Yesterday was about making our nickname official and about our new web site.
Now it’s time to talk shop. What’s going on in Corona-land?
First off, the new public release of Corona SDK is just around the corner. The currently daily build 2012.833 is our “Golden Master” candidate for the next public release.
Let us know in this forum if you see any showstopper issues with it. If all goes well, we’ll be making it available to all developers (not just subscribers) early next week.
Feature Cycle and API Docs
Once the public release is out, we’ll be starting our first feature cycle. In addition, we’ll be checking in various improvements that we didn’t get in before we locked down the code base, e.g.
tile culling performance improvements additional improvements to tile culling (see thread), missing events for the new sprite API, etc.
A big goal for the first feature cycle was to make documentation snapshots available on a per-daily-build basis. In anticipation of that, you’ll notice that all the pages of the new Corona Docs API reference use 2012.833 as the revision. We’re now in a position where we can update our documentation in real-time. We’ve added a feedback system that allows us to track improvements where you can click “Love it”, “Like it, but…” or “Hate it”.
Based on the feedback we’ve gotten, we’ve already made over a 100 small tweaks since we launched the new docs yesterday.
And just so you know we’re listening, we had a lot of folks say they liked the old API index page better. One developer was not shy at all about expressing feelings on the matter:
“The new API style is, to be honest, crap. It’s not benefiting the end user at all. The old style was fast and efficient, and since every API reference was on one page one could search every single keyword with Ctrl+F. Having to navigate forth and back to find what one’s looking for (if it’s to be found at all) is just frustrating and a waste of time! Please bring back the single page reference in addition to the new fancy one.”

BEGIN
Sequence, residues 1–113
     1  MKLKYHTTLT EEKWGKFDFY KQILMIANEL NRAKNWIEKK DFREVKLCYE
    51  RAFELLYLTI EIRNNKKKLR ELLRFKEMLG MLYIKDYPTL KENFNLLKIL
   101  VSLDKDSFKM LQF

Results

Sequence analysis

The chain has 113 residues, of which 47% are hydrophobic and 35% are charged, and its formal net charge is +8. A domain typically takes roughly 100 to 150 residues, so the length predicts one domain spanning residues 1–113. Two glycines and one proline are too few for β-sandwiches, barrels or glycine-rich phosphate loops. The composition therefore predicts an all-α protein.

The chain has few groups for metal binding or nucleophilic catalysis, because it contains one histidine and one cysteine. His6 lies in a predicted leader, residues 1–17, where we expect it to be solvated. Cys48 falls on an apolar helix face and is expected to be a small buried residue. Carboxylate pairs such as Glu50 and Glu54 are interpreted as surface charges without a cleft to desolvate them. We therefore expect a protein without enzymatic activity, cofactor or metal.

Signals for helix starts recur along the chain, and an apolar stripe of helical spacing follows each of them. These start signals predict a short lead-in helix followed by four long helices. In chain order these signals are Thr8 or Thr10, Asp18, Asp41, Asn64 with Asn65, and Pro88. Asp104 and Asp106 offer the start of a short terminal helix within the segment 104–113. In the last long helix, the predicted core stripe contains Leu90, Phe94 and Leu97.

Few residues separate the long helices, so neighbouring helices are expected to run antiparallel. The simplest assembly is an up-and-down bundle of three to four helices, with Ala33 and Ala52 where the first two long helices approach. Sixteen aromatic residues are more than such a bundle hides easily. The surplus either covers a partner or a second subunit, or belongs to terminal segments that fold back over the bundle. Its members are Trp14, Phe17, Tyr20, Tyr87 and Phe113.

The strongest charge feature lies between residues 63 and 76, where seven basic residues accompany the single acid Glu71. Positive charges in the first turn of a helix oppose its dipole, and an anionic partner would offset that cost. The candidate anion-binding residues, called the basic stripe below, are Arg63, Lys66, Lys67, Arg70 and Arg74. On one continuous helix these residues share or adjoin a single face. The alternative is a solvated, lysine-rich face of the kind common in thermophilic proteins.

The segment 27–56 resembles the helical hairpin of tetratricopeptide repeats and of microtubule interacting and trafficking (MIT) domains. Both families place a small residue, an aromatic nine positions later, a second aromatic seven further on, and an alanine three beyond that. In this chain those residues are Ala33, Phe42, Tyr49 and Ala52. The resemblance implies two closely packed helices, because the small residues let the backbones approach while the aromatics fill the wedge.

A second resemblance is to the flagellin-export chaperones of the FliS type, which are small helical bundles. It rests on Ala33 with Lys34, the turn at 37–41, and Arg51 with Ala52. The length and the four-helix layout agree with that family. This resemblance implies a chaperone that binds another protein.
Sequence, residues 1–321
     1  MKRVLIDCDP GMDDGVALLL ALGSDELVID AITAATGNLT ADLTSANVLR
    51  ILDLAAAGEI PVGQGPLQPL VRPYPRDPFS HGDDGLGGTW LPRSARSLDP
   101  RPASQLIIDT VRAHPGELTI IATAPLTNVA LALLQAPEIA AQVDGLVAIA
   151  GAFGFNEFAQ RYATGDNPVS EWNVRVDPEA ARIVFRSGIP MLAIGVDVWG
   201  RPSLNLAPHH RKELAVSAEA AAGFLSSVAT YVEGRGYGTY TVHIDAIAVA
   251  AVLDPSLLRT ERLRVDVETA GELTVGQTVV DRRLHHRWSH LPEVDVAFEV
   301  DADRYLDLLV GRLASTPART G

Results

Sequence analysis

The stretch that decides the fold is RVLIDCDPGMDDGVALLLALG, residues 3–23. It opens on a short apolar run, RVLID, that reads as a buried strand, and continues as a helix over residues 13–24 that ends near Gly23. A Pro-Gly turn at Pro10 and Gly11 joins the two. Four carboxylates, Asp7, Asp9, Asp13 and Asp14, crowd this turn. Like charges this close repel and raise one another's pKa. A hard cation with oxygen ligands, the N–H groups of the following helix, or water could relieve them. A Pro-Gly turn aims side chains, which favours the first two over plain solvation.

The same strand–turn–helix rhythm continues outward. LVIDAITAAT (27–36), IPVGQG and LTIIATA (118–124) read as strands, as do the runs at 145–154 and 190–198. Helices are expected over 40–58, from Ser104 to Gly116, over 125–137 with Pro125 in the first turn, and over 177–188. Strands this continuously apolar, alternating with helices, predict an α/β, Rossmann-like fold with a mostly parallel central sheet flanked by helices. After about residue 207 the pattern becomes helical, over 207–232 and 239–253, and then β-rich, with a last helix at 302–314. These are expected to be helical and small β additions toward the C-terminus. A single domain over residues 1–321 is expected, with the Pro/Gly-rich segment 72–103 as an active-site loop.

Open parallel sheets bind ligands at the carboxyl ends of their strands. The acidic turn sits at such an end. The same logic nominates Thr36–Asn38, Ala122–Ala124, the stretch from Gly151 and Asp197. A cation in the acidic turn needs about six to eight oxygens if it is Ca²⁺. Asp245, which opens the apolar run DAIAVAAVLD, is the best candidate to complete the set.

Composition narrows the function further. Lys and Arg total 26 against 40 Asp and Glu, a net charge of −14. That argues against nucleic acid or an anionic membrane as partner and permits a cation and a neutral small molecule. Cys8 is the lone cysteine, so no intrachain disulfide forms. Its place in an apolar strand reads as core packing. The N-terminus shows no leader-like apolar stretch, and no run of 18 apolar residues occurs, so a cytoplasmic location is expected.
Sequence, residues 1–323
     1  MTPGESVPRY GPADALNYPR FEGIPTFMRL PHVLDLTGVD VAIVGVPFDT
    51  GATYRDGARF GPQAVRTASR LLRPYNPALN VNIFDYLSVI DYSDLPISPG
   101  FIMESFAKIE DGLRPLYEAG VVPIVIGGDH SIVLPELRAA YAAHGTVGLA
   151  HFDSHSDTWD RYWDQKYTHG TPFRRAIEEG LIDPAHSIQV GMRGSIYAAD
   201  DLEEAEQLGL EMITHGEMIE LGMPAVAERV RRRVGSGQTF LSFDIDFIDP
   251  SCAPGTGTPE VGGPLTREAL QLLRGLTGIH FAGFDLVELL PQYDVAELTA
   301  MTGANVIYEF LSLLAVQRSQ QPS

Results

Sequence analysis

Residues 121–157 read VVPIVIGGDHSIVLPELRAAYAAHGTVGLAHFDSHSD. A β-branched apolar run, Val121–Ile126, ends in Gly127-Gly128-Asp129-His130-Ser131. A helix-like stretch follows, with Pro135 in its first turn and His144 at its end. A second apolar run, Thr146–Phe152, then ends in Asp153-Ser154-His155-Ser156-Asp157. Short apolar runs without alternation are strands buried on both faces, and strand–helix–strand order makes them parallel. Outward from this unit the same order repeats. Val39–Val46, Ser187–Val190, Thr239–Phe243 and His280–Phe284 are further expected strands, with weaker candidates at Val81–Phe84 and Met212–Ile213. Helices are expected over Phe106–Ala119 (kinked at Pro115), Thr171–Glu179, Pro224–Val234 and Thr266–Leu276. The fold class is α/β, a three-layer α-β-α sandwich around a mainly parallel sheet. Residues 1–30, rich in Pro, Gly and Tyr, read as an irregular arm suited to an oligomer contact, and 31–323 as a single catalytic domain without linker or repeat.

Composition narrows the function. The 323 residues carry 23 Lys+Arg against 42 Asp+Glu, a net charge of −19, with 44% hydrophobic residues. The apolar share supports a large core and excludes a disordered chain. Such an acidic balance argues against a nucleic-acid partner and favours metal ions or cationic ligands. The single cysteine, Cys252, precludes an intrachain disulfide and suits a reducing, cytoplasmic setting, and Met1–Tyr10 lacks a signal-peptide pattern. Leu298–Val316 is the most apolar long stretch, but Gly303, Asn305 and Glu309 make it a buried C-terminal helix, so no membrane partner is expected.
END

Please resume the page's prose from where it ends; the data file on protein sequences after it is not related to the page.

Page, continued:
Many others also expressed the need for an improved API index page, so we fixed it. If you now go to http://docs.coronalabs.com/api, you’ll see an old-style reference with a fresher look. You can see every single API, and there’s also a handy sidebar on the left, for all the top-level categories.
We’ve heard from a lot of you asking for more options on ad networks. I have news on that front! We plan to add AdMob soon. I can’t promise delivery dates yet, as we’re still trying to figure out how to squeeze this in. At the very latest, we’ll add it in the 3rd feature cycle (3 months out).
Based on our research, whatever monetization strategy you choose — paid, ads, in-app purchase, etc. — the only way to really make money is to get lots of customers engaging with your app. It’s a tough problem. We’re still working on the best ways to Coronify the distribution and go-to-market process. When we’re ready, we’ll share more details. Stay tuned!
In the mean time, we’re putting together resources to walk you through the best practices on how to think about the lifecycle of your app.
The ability to extend Corona has been a really hot item. Many of you want to be able to access new functionality that we haven’t exposed yet.
I wanted to let you know what we’re doing here, as it’s not obvious from looking at our web site.
Our first step is offering the Enterprise product. Corona Enterprise is based on the same core engine of Corona SDK, so as we add more features to core Corona, both SDK and Enterprise benefit. The big difference is that with Enterprise you’re coding in Objective-C/Java. The gist is you wrap your own native code as a Lua library. Your native code can be some proprietary library or it could call out to OS API’s we haven’t exposed yet. We’re currently in a private beta, but if you’re interested, you can send an inquiry via the contact form on the Corona Enterprise page. Once Enterprise ships, I’ll be able to share more details on how it all works.
We realize that the Enterprise product isn’t suited for everyone for a variety of reasons, whether it’s because you don’t want to learn Objective-C/Java or the costs of paying for support don’t fit your budget. So we’re working on ways to give SDK developers access to almost the same thing — just without the complexity.
We’re going to do this in two ways:
First, we’re working on giving you access to a greater number of 3rd party services. However, if we bundle every service into the core, we risk bloating the core engine. For example, the size of the Corona core doubles when you use OpenFeint. To scale this up, we are working on a plugin system so that 3rd party services can expose their services as Lua libraries that you can use.
Second, we’re investigating how to give you access to OS features on iOS or Android that we haven’t exposed through the Corona API. It’s still too early to share details, but I will say this is not quite the same as Corona Enterprise. You will not have to write Objective-C or Java code!
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Okay, a lot more to talk about, but I’m almost at a 1000 words, so I’ll stop here. In the mean time, happy coding!